Trees, Ai Quing (1940)
One tree, another tree.
Each standing alone and erect.
The wind and air
Tell their distance apart.
But beneath the cover of earth
Their roots reach out
And the depth that cannot be seen
The roots of the tree intertwine.
Towering at over 22 feet, the ponderous Iron Tree, 2013, is one of Ai Weiwei’s largest artworks to date. It impresses upon its viewer a deceptively convincing organic wholeness and fluidity.
As part of the artist’s Tree series, which was embarked on in 2009, creating Iron Tree was a labor of careful assembly, aggregation, and assimilation. Ai Weiwei began searching and acquiring parts of dead trees sold in various markets around Jingdezhen in Southern China. These remnants of an organic construct had been sold in China for decades. Trees, in general being a revered element in Chinese culture and Taoism were often used to decorate homes and solidify a connection to the past. The many different fragments were brought back to Ai’s Beijing studio, where he began constructing them into a whole tree in a laborious and fastidious process. As the artist himself noted, “It is like trying to imagine what the tree used to look like.”i
The seemingly disparate shards of branches, roots, or trunks of Ai Weiwei’s trees do not reside within the same organic entity. They are brought together by the artist and held together with bolts and screws – sometimes achingly visible, while at other times using traditional Chinese carpentry methods to blend peacefully into the many limbs creating an illusion of unity and fluidity.
The wood originally acquired by Ai Weiwei was mostly of the Chinese “Iron tree” – a uniquely durable timber used primarily for building. It resonates within the artist’s continuous exploration of the role of architecture in his work. Yet, unlike earlier examples of the series, Iron Tree was cast by the artist out of actual iron. It was cast in a small edition of three, two of which are either owned or on long-term loan to public institutions, and the current work is the only artist’s proof.
And thus, was created a structure of a tree, composed of ninety-nine individual pieces all bolted together. This Iron monument, when at first placed outdoors, can be quite deceptive and appear like an actual tree. Yet after a while, the industrial material begins to oxidize and shimmer in a flaming rust color. This fantastic organic development of the medium allowed Ai Weiwei to further delve into the constructs of time, its passage, and the social questions and ideas that echoed in artist Sean Scully’s words: “His [Ai Weiwei’s] Metaphor is the tree. Like people, all trees want to be together: though we know that the birch, if it is able, will kill the oak. Our wholeness is at the end of our long road, and we are perpetual road-builders.”ii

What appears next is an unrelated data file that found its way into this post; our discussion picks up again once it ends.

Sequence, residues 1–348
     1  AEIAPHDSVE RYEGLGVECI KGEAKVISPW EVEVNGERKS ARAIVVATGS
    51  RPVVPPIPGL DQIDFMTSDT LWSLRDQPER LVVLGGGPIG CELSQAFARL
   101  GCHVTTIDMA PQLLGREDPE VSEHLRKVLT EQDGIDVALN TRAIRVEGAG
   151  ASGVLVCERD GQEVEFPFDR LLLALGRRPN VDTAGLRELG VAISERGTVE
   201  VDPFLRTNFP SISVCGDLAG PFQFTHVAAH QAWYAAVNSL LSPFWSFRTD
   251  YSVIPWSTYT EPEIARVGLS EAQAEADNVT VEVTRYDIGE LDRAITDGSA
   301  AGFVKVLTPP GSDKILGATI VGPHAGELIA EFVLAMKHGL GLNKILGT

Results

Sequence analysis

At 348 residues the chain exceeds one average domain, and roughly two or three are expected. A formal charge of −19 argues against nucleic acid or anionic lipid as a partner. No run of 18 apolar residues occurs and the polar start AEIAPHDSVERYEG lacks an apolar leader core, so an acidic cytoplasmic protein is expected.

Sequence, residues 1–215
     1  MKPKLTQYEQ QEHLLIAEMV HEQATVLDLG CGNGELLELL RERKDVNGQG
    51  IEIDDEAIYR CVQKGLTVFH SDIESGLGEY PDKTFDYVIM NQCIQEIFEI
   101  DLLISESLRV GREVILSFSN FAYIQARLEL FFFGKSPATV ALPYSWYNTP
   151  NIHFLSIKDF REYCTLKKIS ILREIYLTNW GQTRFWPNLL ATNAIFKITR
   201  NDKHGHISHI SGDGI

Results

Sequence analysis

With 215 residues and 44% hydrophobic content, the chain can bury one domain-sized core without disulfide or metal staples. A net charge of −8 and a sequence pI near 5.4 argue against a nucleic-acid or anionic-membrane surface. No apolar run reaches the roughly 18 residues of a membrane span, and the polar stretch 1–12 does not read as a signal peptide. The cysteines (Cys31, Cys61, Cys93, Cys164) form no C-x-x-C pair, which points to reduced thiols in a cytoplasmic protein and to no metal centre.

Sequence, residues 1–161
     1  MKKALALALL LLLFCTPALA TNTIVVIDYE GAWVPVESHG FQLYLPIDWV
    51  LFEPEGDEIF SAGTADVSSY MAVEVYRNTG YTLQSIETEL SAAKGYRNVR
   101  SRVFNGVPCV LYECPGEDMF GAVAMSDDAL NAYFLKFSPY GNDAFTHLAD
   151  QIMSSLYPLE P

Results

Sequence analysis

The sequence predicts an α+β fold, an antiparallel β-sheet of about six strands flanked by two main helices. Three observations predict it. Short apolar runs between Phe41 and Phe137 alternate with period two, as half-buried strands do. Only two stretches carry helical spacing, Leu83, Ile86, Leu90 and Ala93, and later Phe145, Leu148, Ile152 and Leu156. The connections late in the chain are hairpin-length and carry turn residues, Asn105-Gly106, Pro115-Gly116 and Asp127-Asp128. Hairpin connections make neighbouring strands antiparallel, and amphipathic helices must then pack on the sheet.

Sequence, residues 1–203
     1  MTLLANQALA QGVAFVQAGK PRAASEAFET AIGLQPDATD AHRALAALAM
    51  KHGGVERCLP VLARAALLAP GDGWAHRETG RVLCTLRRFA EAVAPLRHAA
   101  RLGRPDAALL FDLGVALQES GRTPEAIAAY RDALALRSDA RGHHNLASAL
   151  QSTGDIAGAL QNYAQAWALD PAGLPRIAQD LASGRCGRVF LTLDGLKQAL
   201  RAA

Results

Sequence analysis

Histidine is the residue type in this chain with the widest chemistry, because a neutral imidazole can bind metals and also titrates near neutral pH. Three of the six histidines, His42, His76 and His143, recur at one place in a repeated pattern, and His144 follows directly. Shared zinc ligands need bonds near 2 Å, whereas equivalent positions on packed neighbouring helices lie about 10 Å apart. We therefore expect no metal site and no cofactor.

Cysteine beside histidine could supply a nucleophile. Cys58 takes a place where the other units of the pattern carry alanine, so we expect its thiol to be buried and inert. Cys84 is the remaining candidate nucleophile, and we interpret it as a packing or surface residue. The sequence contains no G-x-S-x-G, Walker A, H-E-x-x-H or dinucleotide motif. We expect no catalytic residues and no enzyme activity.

More precisely, through Iron Tree, Ai Weiwei poses a loaded question: can different communities, regions, and people be made to peacefully unify? Or is that merely a utopian construct to work towards and aspire to?
i Corinne Crabos, In the Shade of Trees #1 Ai Weiwei — The Tree Recomposed, Sculpture Nature, February 22, 2017, online.
ii Ai Weiwei, exh.cat, Royal Academy of Art, London, 2015, p. 70.
279 1/2 x 279 1/2 x 247 1/4 in. (709.9 x 709.9 x 628 cm)
Executed in 2013, this work is artist proof 1 from an edition of 3 plus 1 artist's proof.
The wooden proof for this edition is in the permanent collection of the Tate Modern in London. Other examples from the edition are held in the permanent collection of the Frederik Meijer Gardens & Sculpture Park in Grand Rapids, Michigan, and another is on long-term loan to the Yorkshire Sculpture Park in Wakefield.
Lisson Gallery, New York
Acquired from the above by the present owner
St. Moritz, Reformierte Kirche, Art Masters, August 28 - September 1, 2013 (another example from the edition exhibited)
Ai Weiwei, exh. cat., Royal Academy of Arts, London, 2015, pp. 93-95 (another example from the edition illustrated)
Please note: This lot is the property of a private individual.
Adrián Villar Rojas